concentration. In the past five years, many DCIV application papers and reports have

been published which include delineation of interface trap generation/annealing kinetics

on electrically-stressed transistors [6,7] and diagnosis of transistor design and

manufacturing processes on pre-stress transistors [8-10]. This dissertation analyzes the

theoretical basis of the DCIV method and develops theory-based new applications for

characterization of scaled MOS transistors with very thin gate oxide.

In chapter 2, the gate-voltage controlled interface trap recombination current

from the base-terminal is analyzed using the Shockley-Read-Hall steady-state

recombination kinetics to provide analytical expressions for DCIV lineshape, linewidth,

peak voltage and peak amplitude. It is predicted by the theory that DCIV peaks in the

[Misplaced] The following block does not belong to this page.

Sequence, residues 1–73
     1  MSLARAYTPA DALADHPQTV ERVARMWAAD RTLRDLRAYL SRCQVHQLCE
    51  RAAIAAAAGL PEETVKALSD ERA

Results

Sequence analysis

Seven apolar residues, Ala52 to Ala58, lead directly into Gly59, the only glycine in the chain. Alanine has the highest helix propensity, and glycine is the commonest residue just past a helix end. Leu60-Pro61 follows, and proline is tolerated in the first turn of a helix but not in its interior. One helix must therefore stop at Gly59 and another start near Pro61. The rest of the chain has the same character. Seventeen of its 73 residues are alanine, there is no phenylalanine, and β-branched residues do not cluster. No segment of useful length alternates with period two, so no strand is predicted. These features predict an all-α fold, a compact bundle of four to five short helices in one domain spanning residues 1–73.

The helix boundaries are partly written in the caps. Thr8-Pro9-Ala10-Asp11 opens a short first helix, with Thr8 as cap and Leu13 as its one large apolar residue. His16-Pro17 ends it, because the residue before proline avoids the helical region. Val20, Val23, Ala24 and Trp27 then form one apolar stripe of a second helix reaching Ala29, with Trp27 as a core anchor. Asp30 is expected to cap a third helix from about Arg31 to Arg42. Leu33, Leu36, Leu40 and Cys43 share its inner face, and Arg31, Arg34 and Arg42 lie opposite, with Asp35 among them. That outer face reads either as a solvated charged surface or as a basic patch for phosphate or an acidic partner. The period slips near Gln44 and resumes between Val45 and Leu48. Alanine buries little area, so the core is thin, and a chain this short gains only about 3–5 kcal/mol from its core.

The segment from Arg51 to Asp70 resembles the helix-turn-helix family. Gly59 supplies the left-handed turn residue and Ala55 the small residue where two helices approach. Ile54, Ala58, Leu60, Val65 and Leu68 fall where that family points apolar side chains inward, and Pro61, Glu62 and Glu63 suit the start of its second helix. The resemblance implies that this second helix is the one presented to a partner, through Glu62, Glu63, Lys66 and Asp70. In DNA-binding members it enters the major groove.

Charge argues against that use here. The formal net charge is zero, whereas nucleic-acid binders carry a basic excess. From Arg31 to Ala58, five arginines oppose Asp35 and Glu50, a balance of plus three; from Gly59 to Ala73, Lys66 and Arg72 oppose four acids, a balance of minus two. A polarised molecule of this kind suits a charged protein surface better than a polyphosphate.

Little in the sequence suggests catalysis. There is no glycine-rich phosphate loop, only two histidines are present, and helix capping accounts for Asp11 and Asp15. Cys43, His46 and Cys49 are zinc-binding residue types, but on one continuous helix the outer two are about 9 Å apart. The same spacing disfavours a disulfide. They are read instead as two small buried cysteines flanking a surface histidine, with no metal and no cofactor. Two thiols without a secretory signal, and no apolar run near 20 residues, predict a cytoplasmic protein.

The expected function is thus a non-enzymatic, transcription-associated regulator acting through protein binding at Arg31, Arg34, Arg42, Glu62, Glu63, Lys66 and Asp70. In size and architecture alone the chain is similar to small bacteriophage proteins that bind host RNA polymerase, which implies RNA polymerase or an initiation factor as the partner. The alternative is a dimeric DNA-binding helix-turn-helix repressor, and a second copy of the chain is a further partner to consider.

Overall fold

intrinsic to flat band gate voltage range originate from interface traps located in the

channel area, while additional peaks in the surface accumulation range originate from

interface traps covering the gated p/n junction space-charge region. A new application

to determine interface trap density and energy level from the forward p/n junction bias

dependence of the DCIV peak current is proposed and demonstrated on both unstressed

and channel-hot-carrier stressed MOS transistors. The distortion of DCIV lineshape

from minority carrier injection level and diffusion is also analyzed.

In chapter 3, spatial distribution of interface traps in the gated p/n junction space

charge region (JSCR) is shown by theory to affect the DCIV lineshape in the gate

voltage range between the weak inversion of the channel area and the weak inversion of

the gate-overlapped drain area. In this gate voltage range, the recombination rate per

unit interface trap is sharply peaked in the JSCR due to rapid lateral variation of

minority carrier concentrations. Based on this discovery, an algorithm is developed to

determine spatial density profile of interface traps which has a resolution of -3nm. For

interface traps located outside the JSCR in either the channel area or the drain area, the